Now is not the time to lower our guard or decrease pressure on Daesh [fr]

Report of the Secretary-General on the threat posed by ISIL (Da’esh)
Transnational organized crime at sea as a threat to international peace and security
Statement by Mr François Delattre, Permanent Representative of France to the United Nations
Security Council – 11 February2019

I should like to join others in warmly thanking Under-Secretary-General Vladimir Voronkov and Assistant Secretary-General Michèle Coninsx for their very informative briefings and the exemplary commitment that they and their teams have demonstrated in our common struggle against terrorism.

As the eighth report of the Secretary-General (S/2019/103) on this topic underscores, despite the loss of its territorial entrenchment Da’esh continues to pose a serious threat to international peace and security. The group has evolved into an underground network relying upon dispersed cells potentially comprised of former foreign terrorist fighters and, as we know, its propaganda continues to attract many sympathizers.

In that regard, clearly now is not the time to lower our guard or decrease pressure on Da’esh. It is therefore necessary that the efforts of the Global Coalition against Da’esh be pursued both in terms of its military commitment and of civilian component in support of the implementation of a pluralistic and inclusive political solution in Syria and Iraq. Clearly, that is the only lasting response to prevent the re-emergence of Da’esh in other forms. With that in mind, the Foreign Ministers of the Global Coalition reaffirmed their commitment in unison on 6 February in Washington, D.C. Similarly, accepting impunity for the crimes committed by Da’esh is not an option. We have the political, legal and moral responsibility to ensure that those responsible are prosecuted and sentenced to the fullest extent of the law.

Justice meted out with respect for human rights and the rule of law is also essential to peace and reconciliation. It requires the strengthening of judicial systems and sound international judicial cooperation. France particularly welcomes the contribution of the team created by the Council — the United Nations Investigative Team to Promote Accountability for Crimes committed by Da’esh/Islamic State in Iraq and the Levant — which is intended to help gather evidence to prosecute those responsible for crimes committed by Da’esh in Iraq. In addition, our efforts must continue to focus on three priority areas for action, which are clearly set out in the Secretary-General’s report.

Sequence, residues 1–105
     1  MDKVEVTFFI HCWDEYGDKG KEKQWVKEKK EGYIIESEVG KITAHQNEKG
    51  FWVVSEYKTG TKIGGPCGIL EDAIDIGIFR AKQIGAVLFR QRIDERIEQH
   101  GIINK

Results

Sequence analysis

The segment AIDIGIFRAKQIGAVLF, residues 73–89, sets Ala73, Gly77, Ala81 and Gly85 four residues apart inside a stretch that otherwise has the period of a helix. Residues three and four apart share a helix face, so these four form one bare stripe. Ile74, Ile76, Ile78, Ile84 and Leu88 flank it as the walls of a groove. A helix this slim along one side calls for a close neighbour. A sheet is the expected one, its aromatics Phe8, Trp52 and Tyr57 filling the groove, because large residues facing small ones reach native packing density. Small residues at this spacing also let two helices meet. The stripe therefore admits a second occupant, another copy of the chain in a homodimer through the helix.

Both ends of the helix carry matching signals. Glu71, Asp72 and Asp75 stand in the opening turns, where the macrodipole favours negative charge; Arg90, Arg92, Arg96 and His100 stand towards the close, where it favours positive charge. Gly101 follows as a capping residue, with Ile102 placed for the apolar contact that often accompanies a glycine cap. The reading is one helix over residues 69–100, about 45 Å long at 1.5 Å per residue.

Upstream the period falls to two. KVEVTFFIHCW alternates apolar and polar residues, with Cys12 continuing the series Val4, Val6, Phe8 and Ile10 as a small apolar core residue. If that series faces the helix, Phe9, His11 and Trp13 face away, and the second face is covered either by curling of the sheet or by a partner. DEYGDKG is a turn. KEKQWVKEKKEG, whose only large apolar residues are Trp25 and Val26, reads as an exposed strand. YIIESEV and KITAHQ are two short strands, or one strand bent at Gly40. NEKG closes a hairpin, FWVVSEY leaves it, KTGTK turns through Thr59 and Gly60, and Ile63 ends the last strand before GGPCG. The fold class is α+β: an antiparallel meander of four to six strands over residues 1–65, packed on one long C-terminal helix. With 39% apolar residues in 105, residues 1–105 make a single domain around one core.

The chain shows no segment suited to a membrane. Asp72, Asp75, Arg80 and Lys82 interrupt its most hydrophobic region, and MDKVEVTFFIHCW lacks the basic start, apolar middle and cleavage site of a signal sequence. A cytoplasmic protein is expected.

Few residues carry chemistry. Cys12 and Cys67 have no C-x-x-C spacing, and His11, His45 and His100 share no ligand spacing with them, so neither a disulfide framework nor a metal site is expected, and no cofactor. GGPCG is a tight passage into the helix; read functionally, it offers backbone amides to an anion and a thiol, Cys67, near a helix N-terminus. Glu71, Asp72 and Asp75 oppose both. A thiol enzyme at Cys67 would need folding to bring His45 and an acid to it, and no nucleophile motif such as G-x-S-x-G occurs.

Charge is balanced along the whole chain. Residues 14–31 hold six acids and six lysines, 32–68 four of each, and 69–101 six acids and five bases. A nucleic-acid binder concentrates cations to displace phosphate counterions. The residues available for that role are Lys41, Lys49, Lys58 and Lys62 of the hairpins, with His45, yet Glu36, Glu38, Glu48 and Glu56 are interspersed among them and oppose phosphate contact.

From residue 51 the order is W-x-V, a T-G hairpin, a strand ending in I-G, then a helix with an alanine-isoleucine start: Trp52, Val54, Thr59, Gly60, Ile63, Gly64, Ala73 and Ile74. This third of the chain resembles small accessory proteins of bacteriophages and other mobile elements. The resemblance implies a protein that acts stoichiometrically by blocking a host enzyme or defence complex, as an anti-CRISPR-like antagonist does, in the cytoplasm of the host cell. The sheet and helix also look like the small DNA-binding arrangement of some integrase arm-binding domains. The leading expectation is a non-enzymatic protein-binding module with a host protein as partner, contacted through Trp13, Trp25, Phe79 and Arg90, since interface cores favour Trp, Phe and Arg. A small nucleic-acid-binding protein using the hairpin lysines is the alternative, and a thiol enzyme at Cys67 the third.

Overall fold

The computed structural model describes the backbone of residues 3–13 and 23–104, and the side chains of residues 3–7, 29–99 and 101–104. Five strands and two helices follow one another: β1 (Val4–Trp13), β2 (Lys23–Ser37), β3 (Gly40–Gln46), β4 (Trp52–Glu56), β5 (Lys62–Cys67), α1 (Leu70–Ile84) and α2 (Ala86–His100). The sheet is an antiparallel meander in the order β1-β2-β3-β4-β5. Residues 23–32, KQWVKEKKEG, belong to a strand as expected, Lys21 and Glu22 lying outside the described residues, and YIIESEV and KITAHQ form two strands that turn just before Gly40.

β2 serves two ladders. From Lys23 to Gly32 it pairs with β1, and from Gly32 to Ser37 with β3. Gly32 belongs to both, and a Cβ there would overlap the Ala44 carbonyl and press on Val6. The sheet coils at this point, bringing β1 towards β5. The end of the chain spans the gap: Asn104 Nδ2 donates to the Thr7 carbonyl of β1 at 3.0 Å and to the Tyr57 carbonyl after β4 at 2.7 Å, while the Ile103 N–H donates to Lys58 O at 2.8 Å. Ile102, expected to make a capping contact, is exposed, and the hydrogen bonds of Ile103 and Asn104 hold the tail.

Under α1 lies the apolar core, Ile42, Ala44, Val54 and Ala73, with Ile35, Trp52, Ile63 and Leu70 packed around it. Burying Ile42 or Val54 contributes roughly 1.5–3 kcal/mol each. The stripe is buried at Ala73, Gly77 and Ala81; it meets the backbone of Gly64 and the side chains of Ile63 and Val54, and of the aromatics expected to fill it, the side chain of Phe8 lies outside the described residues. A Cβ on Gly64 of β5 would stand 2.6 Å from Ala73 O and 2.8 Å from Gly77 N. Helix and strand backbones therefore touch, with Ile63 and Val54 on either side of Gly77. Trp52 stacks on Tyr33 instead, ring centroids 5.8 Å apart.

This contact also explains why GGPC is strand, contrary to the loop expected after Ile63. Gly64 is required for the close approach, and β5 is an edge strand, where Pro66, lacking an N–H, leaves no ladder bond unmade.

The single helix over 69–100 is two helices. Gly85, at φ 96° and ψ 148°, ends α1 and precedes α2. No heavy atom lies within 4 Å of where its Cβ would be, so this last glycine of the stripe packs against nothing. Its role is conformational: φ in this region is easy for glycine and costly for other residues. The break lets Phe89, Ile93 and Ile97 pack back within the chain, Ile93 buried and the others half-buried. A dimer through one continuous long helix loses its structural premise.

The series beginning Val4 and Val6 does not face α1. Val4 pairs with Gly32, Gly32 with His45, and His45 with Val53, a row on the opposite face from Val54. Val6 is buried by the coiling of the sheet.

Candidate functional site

Our first priority is the fight against terrorist financing, which is a top priority for France. During the Arria Formula meeting, which we organized with other partners on 31 January, we noted that there are still many challenges to be met in order to adapt our response to the threats posed. Sharing information, combating anonymous transactions, identifying the sources of financing, anticipating the misuse of new financial instruments, making a collective commitment not only to vulnerable countries but also to failing countries, and international sanctions are all priorities on which we must make progress. That is why, after inviting the international community to Paris last year for the No Money For Terror conference and after consulting with the relevant actors, France has decided to submit a draft resolution on the subject with a view to adopting it in the coming weeks. We will work closely with Council members and look forward to everyone’s commitment and support.

Our second priority is managing the return of foreign terrorist fighters. Faced with that challenge, we must continue to strengthen measures to detect, treat and monitor people at risk, including through constant information-sharing. Given the variety of profiles concerned, close coordination among civil, military and financial intelligence services and agencies, as well as among judicial authorities, is essential to strengthening the interaction between intelligence action and the criminal justice response. The involvement of the education, social services and justice sectors is essential to helping the families concerned. France’s national strategy places particular emphasis on providing care specifically for children, in particular at the sociopsychological and educational levels, to promote their reintegration.

Our third priority is preventing the use of the Internet by terrorist groups. France intends to continue to play a leading role in that fight. Considerable progress has been made and Internet companies are mobilizing. However, much remains to be done and we will pursue our efforts, in particular in the European context, to more effectively prevent the spread of terrorist propaganda that fuels radicalization and to support the development of positive counter-narratives. Combating the financing of terrorism is also a priority for us in other forums, in particular within the framework of the European Union and of our presidency of the Group of Seven this year.

The United Nations has an increasingly vital, unifying and recognized role to play in each of those areas. We thank the Office of Counter-Terrorism (UNOCT0 and the Counter-Terrorism Committee Executive Directorate (CTED) for the outstanding work they do every day. We also rely on UNOCT and CTED to continue to address, as their respective mandates provide, more cross-cutting issues, such as respect for and the promotion of human rights or the integration of the gender dimension in the fight against terrorism.

You may rest assured, Sir, of France’s full support to United Nations entities in their efforts to identify needs and the best ways to meet them and to promote coordination among all relevant actors. Considerable progress has been made on these various issues and it is vital that it continue.

Dernière modification : 14/02/2019

Top of the page